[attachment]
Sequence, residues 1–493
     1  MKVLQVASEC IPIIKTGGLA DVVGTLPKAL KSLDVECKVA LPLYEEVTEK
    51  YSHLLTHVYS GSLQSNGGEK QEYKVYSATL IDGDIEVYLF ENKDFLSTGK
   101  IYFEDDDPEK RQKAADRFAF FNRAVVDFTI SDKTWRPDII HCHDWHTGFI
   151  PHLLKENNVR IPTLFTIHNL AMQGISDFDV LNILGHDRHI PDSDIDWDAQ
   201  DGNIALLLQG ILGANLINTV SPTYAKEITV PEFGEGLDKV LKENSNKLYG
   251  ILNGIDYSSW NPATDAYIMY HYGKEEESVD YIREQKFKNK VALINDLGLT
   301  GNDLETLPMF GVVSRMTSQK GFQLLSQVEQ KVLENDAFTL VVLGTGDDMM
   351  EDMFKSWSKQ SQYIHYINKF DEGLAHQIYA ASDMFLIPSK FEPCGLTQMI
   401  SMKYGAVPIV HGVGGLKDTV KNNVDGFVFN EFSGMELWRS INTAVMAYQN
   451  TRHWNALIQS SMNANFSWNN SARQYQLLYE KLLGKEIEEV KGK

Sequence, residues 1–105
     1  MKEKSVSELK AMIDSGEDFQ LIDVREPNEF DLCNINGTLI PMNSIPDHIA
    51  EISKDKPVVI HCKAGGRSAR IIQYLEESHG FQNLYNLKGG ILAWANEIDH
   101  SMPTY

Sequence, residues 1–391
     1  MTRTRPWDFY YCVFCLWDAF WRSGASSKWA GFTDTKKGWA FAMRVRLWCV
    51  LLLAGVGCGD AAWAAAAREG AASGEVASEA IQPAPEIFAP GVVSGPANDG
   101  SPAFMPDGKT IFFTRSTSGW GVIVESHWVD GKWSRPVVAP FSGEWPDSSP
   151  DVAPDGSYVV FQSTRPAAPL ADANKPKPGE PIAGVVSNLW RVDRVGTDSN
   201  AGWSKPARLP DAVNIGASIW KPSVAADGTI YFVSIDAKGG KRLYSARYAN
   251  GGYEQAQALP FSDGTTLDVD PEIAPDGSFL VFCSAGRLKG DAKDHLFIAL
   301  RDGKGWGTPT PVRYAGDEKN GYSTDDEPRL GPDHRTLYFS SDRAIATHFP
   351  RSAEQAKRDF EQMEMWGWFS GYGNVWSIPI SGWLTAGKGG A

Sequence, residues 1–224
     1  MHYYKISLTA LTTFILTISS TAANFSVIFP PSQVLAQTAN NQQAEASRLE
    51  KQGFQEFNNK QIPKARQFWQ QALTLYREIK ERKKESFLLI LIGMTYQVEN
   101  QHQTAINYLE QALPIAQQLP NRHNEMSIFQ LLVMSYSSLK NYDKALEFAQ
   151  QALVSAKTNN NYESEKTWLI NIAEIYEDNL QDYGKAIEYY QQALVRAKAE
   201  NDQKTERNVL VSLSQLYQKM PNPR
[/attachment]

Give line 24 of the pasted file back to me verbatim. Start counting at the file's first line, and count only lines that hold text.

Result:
   351  RSAEQAKRDF EQMEMWGWFS GYGNVWSIPI SGWLTAGKGG A